This is the first time this has happened since the Habitat conferences began in 1976. Indeed, the African group was largely non-existent during the last Habitat conference, which took place in 1996 in Istanbul. This was “probably because urbanisation hadn’t started to become a problem at that time,” said Akin Mabogunje, chairman of the Foundation for Development and Environmental Initiatives.
But ahead of this year’s Quito conference, the Abuja meeting was a key opportunity, said Jean Pierre Elong-Mbassi, secretary general of the United Cities and Local Governments (UCLG) network in Africa.
“It is a dream come true, because we were not sure that Africa will come out with a common position,” Elong-Mbassi said. “And a common position on an issue like urbanization that the African countries didn’t want to face — they did ignore it. And they said at that time [in 1996] that Africa is mainly a rural continent, while the continent was urbanizing as any other region in the world.”
Africa is undergoing a historic transition from the primary sector of its economy — traditionally, agriculture and extractive industries — toward more productive sectors such as manufacturing and services. Clos said the success of this transition would depend largely on “good urbanization.”
“Urbanization will be the vehicle for this transition,” he said. “Good urbanization will be one of the most significant economic and social transformations, [which] will change the way of life of millions of people.”
African cities, for Africans
A key part of the discussions at the regional meeting centred on the quest by African leaders to model the continent’s urban areas on their counterparts in Europe and the United States — a vision that many warn is unrealistic.
Some 70 percent of African cities are comprised of informal settlements and inhabitants working in the informal sector, after all. Only a fraction of the continent’s population lead lives typical of those in Western countries.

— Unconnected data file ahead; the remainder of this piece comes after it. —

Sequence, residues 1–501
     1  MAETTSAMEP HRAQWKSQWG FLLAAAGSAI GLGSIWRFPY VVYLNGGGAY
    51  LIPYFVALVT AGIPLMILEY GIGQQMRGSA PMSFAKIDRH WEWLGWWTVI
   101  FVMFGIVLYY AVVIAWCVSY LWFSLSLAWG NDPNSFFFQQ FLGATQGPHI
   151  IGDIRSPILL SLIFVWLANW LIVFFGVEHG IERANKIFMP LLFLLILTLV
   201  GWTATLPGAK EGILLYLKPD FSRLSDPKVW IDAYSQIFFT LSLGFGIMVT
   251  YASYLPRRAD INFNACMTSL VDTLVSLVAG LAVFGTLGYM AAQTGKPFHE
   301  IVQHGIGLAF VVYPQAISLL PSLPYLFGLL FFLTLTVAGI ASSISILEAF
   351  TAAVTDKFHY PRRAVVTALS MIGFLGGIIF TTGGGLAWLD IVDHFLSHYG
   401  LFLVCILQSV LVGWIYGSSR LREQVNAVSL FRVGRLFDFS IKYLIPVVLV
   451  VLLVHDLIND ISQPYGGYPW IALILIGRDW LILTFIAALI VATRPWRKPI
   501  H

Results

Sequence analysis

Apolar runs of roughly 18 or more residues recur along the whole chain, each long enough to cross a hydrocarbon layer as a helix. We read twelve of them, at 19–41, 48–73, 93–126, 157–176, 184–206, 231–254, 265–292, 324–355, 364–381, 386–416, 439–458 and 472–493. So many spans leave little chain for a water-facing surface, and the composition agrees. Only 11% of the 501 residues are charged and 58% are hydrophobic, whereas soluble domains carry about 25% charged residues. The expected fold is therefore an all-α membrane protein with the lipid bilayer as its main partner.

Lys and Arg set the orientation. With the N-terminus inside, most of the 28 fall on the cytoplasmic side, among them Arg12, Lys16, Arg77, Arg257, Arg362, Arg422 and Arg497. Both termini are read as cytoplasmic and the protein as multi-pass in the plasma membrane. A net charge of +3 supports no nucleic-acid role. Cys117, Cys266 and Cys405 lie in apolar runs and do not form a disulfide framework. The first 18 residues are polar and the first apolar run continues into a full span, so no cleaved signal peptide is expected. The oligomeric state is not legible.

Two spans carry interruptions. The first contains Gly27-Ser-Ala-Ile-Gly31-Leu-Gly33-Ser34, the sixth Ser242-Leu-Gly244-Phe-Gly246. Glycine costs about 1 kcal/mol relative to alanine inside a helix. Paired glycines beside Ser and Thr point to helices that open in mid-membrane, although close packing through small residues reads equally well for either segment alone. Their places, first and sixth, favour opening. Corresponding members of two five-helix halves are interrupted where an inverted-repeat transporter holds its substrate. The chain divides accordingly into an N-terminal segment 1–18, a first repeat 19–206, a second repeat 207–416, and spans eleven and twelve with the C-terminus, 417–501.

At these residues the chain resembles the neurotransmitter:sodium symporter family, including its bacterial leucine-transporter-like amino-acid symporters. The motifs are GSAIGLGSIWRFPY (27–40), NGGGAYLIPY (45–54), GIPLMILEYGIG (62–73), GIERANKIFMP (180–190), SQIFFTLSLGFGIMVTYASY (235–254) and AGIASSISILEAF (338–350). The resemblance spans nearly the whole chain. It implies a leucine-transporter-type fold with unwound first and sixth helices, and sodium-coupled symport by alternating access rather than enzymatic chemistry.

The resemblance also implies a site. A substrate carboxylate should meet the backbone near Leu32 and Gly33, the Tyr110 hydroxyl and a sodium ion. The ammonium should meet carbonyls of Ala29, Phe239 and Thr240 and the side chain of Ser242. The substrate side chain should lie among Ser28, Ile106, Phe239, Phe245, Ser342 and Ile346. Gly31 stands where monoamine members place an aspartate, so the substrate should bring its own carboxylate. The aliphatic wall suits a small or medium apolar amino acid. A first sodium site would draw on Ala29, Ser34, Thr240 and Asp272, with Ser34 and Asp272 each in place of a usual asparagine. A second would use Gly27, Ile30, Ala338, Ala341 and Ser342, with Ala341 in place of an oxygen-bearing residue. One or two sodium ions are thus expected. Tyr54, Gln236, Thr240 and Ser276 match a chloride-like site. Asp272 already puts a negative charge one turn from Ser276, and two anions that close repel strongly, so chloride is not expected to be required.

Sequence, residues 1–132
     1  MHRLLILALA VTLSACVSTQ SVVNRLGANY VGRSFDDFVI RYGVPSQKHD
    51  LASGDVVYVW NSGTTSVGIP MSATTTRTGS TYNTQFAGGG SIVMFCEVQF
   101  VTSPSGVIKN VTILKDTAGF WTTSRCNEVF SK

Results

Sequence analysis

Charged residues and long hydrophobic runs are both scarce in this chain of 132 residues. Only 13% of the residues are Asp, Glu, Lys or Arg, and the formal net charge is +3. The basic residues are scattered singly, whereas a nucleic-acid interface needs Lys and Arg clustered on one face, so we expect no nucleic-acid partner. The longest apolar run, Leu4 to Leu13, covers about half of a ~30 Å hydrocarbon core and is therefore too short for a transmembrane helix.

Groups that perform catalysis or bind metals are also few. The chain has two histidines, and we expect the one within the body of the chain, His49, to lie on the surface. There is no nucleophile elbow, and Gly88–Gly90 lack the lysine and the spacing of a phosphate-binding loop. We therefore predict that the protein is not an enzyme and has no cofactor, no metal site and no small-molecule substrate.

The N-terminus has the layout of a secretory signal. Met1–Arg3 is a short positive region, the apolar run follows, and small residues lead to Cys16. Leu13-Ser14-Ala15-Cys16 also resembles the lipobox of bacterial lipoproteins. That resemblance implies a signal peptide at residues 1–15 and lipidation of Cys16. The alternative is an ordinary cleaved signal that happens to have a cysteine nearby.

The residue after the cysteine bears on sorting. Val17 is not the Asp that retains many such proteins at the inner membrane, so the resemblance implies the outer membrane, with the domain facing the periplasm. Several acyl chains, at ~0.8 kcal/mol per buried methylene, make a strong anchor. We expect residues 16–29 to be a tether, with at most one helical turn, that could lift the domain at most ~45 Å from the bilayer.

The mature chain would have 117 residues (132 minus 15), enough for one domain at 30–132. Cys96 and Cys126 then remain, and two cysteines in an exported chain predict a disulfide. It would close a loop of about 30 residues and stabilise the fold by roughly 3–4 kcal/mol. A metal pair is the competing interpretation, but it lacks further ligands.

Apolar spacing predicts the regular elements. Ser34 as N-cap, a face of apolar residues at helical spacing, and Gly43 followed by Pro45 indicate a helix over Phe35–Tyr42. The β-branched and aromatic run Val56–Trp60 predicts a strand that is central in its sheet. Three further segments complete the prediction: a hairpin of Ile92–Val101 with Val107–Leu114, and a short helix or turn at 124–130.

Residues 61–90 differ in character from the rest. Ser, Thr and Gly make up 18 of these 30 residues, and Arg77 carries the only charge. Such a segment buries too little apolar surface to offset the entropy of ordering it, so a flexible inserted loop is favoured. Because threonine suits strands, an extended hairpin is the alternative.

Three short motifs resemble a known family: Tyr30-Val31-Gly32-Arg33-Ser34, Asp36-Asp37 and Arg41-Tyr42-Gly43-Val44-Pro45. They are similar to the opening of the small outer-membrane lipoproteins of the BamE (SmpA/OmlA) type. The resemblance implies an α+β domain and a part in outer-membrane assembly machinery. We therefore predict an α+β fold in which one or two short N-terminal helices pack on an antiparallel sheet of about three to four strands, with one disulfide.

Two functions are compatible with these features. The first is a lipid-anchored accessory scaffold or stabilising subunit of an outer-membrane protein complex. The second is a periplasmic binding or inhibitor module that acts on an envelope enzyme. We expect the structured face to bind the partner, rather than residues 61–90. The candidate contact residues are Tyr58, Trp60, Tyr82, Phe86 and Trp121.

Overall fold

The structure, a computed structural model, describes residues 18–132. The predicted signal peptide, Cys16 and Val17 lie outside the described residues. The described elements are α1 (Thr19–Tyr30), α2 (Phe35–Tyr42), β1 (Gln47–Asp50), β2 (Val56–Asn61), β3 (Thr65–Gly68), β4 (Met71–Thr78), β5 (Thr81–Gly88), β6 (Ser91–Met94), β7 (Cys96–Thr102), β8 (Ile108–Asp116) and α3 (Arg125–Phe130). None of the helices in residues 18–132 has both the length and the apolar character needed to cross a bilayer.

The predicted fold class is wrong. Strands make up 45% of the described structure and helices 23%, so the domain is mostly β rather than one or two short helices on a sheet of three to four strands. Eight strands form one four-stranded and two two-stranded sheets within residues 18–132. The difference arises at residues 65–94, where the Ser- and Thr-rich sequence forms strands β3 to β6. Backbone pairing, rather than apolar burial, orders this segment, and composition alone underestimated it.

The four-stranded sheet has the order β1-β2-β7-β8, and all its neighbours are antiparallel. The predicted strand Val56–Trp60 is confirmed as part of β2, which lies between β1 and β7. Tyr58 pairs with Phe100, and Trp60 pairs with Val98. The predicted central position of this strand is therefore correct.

“There are two attitudes — one is to be ashamed that our cities are pale copy of the cities in Europe and America,” said Elong-Mbassi.
“The other one is to say our cities are African cities, so we improve them the way they are,” he continued. “It doesn’t mean that we don’t deserve to have clean water, sanitation services, electricity, health, education. But you should do this respectful of the people, and you should do this thinking of the people not as problem but as an asset.”
As anywhere, Elong-Mbassi said, the inhabitants of Africa’s diverse communities just want to be respected — and a key part of that is being asked for their input on planning processes that will intimately affect them.
“Because in Africa they say, ‘What you do for me without me, you do against me,’” he said. “So inclusive cities are the only way to rebuild trust between people and government, and this trust is grounded in a bargain at the local level.”
But how to carry along local communities in city planning remains a massive challenge for Africa’s national and regional governments. More than half of the urban population in Kenya and Cameroon, for instance, lives in informal settlements and slums.
Kenya’s Participatory Slum Upgrading Programme is an innovation to address the country’s affordable housing and slum challenge aimed towards a citywide upgrading and prevention approach. According to Clos, integration of such programmes with countrywide planned urban development is the sustainable way to make substantive impact in urban informal settlements.
The Kenyan delegation at the Abuja meeting noted that sustainable urbanisation and human settlements are an “utmost priority” for the country.
“Quito will decide two critical things,” said Aldah Munano, principal secretary of Kenya’s Ministry of Land, Housing and Urban Development. “First is whether or not urban and rural settlements are firmly incorporated in the New Urban Agenda. Second is whether or not UN-Habitat is strengthened, as the global agency responsible for driving the new agenda with its headquarters here in Africa.”
Indeed, a key part of the draft Abuja Declaration also focuses on how to strengthen UN-Habitat, the lead agency on the Habitat III process. The declaration seeks to make the agency “politically visible”, recommending the establishment of “universal membership at its Governing Council to give it more authority and legitimacy in decision-making”.